The disappointing staging was more than made up for by a stunning musical performance under the musical direction of Asher Fisch, whose masterful control of the orchestra, chorus and soloists was first-rate. He produced a dramatically intense reading from the Orchestra del Teatro Comunale di Bologna, one in which he was happy to unleash its full power in order to create strong dynamic contrasts and magnify nuances while keeping up a strong forward momentum through the employment of brisk tempi. To the extent that the staging distanced the audience from the drama, Fisch’s orchestral sound was able to draw it back into its center.
Moreover, the balance he achieved between the stage and the orchestra was near perfect. Which, given the large chorus, in which the Coro del Teatro del Comunale di Bologna, under the guidance of Gea Garatti Ansini, was augmented by the chorus of the Accademico Nazionale dell’Opera e balletto ucraino “Taras Shevchenko,” under the management of Bogdan Plish, was impressive indeed. Such was the control, that the singers never struggled to be heard, and when all the forces combined, the sound was clear, strong and harmonious.
The production boasted a strong cast, although Vincent Wolfsteiner in the role of Lohengrin produced a rather workmanlike performance. His Lohengrin was two-dimensional with little in the way of depth or nuance; certainly he did not come across as a hero. His singing was strong but lacked color and, at times, the necessary passion. His performance was certainly not poor, but by comparison to the other soloists, he was not up to the same standard. His costume, which made him look more like a hobo than a knight, did him no favors at all.
Soprano Martina Welschenbach produced a pleasing, nuanced psychological portrait of Elsa with a fresh, lyrical presentation that captured her youth, innocence and fragility, although not at the expense of her underlying passions and insecurities. She possesses an attractive, versatile voice, which she used intelligently to craft detailed lines replete with colorful and emotional accents, allowing her to successfully flesh out her character. It is also a voice with a strong resonance, able to rise securely above the orchestra and chorus.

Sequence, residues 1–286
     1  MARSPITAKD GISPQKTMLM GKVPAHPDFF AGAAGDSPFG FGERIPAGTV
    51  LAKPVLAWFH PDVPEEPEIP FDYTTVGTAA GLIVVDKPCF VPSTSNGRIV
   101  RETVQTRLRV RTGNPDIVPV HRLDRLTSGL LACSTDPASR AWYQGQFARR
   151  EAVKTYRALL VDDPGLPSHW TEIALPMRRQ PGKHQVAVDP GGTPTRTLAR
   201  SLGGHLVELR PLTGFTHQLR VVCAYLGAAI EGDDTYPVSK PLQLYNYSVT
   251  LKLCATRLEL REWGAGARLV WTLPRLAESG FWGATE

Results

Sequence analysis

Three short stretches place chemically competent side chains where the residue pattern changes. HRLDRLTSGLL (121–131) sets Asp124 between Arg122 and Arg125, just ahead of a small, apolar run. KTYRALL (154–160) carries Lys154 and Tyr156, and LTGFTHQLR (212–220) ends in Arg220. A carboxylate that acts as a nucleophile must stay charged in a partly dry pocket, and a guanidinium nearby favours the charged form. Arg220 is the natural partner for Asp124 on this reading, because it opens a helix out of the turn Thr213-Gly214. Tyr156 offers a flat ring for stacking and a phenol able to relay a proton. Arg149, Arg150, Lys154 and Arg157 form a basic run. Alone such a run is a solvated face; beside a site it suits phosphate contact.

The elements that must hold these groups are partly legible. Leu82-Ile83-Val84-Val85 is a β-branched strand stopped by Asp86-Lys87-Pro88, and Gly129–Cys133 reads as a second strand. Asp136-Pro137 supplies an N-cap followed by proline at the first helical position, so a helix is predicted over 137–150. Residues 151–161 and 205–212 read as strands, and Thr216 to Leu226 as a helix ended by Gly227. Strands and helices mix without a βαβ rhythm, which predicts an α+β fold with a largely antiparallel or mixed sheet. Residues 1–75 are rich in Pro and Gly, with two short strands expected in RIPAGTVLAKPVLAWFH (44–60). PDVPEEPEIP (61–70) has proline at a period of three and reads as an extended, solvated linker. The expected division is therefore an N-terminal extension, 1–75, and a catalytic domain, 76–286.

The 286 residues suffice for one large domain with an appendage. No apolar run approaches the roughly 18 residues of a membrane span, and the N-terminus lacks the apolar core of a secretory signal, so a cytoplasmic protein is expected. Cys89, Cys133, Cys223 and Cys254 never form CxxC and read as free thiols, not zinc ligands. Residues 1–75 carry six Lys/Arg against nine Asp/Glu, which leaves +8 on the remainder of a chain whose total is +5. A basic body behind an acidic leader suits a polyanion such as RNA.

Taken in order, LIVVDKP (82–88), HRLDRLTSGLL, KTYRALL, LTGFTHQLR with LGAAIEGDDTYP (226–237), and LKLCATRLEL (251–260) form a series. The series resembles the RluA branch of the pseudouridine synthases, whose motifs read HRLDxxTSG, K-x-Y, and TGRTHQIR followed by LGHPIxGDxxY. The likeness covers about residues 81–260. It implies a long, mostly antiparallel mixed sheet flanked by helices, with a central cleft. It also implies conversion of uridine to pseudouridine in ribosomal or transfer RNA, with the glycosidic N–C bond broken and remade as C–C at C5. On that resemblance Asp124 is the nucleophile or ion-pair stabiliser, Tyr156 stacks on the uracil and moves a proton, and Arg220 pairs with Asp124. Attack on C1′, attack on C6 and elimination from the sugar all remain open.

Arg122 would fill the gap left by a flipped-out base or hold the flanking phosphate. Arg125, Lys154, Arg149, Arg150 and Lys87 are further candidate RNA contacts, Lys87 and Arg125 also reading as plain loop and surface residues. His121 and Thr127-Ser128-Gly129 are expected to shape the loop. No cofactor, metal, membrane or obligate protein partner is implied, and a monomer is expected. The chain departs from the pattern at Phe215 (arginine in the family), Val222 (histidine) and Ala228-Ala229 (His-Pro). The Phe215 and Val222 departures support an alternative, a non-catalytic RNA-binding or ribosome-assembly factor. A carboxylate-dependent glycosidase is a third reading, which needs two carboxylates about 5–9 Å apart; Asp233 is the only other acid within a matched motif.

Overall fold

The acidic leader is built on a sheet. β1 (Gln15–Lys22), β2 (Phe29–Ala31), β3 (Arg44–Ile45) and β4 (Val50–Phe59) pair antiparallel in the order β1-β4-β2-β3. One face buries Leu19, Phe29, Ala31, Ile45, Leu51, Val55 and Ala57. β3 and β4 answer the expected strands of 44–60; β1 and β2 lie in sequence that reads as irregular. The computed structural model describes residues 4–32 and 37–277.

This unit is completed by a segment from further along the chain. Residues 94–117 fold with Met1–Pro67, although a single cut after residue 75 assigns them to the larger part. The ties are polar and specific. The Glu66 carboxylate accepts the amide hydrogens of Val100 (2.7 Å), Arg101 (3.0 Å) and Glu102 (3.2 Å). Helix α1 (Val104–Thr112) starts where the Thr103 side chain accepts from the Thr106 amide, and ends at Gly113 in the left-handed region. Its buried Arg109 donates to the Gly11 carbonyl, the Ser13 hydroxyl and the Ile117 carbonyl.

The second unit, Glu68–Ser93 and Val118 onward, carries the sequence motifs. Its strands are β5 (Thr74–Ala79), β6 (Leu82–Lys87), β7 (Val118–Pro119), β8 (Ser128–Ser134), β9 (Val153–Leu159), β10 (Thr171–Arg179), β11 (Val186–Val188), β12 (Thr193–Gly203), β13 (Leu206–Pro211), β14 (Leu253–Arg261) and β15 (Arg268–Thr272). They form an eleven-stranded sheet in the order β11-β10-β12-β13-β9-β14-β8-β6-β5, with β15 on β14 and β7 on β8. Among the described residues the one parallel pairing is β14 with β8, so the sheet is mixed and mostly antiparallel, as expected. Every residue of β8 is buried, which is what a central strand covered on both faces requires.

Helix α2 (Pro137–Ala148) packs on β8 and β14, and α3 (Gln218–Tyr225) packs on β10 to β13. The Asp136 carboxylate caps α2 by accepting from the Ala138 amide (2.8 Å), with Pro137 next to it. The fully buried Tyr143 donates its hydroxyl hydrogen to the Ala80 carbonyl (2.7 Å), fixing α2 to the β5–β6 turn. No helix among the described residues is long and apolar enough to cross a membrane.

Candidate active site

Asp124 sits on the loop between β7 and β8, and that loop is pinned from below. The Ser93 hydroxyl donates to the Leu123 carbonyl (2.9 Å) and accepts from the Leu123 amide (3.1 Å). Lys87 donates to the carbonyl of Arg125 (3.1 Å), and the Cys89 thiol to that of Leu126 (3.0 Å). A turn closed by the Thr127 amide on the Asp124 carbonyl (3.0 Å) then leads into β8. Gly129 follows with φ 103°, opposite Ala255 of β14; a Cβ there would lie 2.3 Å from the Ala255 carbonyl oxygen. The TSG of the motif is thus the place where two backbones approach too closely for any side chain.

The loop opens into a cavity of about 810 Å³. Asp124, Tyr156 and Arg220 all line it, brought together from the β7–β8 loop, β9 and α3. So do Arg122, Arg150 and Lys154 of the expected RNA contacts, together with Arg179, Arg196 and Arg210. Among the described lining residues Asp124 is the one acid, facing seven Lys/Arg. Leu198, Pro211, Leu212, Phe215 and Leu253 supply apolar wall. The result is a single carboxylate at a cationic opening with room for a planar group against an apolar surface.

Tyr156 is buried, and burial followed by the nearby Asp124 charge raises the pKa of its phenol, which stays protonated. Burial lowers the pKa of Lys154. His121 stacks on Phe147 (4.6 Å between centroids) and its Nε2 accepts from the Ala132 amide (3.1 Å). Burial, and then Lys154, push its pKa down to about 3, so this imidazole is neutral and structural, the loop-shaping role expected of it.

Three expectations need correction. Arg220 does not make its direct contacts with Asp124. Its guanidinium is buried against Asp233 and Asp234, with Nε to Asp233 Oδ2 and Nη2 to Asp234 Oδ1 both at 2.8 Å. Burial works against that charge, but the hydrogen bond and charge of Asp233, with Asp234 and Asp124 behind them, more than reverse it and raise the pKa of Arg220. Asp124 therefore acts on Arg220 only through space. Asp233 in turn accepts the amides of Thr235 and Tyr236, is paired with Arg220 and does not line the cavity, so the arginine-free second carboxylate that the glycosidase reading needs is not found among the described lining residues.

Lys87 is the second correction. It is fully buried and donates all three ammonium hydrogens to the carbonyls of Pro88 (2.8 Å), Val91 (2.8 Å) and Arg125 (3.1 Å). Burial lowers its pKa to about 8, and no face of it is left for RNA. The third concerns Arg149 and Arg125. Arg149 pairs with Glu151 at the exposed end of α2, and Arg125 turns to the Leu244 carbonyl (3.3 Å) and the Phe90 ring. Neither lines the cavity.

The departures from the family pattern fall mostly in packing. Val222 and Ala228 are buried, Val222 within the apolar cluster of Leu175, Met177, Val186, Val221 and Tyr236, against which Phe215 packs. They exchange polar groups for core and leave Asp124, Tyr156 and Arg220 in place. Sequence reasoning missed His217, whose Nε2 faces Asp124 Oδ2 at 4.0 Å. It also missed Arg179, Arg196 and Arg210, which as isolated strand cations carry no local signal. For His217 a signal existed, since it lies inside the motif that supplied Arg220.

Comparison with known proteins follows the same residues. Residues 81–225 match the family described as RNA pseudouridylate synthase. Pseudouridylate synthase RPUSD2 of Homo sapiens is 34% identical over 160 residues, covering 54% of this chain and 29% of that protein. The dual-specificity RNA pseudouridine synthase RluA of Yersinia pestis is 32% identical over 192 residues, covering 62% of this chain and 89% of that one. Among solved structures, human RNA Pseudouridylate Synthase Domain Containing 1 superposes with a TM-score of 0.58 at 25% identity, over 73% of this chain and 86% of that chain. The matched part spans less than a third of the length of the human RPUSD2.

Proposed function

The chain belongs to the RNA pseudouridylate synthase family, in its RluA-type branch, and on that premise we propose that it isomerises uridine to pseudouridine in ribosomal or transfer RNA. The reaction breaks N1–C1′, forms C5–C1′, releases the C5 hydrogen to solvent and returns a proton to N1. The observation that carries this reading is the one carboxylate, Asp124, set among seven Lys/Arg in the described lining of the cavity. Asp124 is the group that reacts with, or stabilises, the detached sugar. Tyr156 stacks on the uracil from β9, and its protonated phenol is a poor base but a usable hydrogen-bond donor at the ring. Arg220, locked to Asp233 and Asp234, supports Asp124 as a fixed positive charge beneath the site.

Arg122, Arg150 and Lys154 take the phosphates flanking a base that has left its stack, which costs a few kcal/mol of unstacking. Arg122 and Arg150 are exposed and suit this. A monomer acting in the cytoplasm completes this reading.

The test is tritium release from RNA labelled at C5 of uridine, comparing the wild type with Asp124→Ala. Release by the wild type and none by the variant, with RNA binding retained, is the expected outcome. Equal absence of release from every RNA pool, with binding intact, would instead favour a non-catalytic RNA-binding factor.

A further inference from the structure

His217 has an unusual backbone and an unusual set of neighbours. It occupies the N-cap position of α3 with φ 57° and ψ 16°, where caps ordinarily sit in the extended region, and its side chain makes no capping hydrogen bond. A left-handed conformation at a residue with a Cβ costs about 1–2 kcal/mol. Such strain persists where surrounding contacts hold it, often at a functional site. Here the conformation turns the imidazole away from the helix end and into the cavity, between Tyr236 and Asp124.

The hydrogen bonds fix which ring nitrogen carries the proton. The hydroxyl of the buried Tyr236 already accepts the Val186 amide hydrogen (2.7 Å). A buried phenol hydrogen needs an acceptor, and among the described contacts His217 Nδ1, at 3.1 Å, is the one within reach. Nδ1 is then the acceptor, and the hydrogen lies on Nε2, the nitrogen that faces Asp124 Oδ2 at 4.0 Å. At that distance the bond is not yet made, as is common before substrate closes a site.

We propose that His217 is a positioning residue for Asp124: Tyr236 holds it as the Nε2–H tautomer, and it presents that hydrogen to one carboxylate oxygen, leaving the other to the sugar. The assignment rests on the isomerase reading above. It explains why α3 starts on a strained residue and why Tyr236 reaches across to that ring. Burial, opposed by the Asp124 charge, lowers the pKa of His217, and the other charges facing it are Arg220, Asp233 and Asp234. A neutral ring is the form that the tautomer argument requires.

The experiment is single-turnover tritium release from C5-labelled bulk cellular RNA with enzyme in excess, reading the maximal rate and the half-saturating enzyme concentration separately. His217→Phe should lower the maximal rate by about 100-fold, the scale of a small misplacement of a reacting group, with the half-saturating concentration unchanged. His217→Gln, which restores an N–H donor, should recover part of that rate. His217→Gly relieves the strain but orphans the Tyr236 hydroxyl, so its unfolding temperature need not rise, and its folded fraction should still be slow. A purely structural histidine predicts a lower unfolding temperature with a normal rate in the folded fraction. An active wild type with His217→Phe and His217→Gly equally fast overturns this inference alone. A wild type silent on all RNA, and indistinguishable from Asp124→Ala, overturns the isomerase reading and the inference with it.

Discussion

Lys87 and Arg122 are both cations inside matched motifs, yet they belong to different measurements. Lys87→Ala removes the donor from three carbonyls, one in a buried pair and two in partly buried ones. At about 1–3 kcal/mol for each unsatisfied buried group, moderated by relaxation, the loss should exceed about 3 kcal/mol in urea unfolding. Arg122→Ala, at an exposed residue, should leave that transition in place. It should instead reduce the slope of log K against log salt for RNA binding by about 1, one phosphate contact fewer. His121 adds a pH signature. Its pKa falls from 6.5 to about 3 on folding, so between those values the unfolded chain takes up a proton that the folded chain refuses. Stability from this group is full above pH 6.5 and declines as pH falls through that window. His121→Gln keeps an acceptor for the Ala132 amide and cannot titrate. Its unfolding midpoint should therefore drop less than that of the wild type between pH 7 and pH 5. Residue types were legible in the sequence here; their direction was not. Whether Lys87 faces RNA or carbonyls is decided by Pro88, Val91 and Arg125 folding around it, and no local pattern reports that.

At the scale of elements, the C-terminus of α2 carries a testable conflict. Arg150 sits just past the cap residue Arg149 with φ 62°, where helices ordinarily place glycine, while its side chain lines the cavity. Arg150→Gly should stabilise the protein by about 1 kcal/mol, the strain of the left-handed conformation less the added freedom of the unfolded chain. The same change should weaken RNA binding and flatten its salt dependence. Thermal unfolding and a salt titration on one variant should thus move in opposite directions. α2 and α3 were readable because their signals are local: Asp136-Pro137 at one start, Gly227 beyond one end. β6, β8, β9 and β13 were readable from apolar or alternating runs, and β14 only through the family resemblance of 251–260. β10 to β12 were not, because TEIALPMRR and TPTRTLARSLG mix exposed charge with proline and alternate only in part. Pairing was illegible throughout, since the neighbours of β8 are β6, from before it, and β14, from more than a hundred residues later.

Soprano Ricarda Merberth threw herself wholeheartedly into the role of Ortrud. She possesses a versatile, secure voice, which she managed expertly to develop her character, whom she presented as suitably vicious, duplicitous and uncompromising. Her singing was direct and expressive, and her detailed and subtle phrasing impressed. In what was one of many excellently rendered scenes, she combined beautifully with Weschenbach for the second scene of Act Two in which Ortrud attempts to manipulate and poison Elsa’s mind. The two well-matched voices complemented each other exquisitely in the duet “Du Armste kennst wohl nie ermessen,” as Weschenbach’s long lines floated gracefully above Merbeth’s shorter lines who mused on her vengeance.
Telramund was played by the Italian baritone Lucio Gallo who regularly performs the German repertoire. His presentation was superbly fashioned to capture the demented ambition of his character with an energetic and expressive singing performance in which he convincingly coated his voice with his base emotions. His voice possesses a warm, appealing timbre which furnishes his singing with an attractive quality, which, for all his evil machinations, was never compromised.
Bass-baritone Albert Dohmen cut a fine figure as the king, Henry the Fowler, whom he portrayed as a confident, authoritative monarch. He is a singer with many years of experience and knows exactly what he is doing. His phrasing was beautifully and securely molded, with the right inflections and coloring to deepen the characterization and heighten his dramatic presence.
Baritone Lukas Zeman made a very good impression in the relatively small role of Araldo. His voice has a pleasing timbre, and his singing was expressive, clear and precise.
The cast was completed by the four knights, parted by tenors Manuel Pierattelli and Pietro Picone, baritone Simon Schnorr and bass Victor Shevchenko, and the four pages played by sopranos Francesca Micarelli and Maria Cristina Bellantuono and mezzo-sopranos Eleonora Filipponi and Alena Sautier. All produced fine performances.
The Teatro Comunale’s final production before the closure of the Sala Bibiena was undoubtedly a success. Musically, it was so good that it even managed to compensate, at least to a degree, for De Angelis’ less than convincing staging. For the next four years, while renovations take place, the opera will move to the Teatro Europauditorium.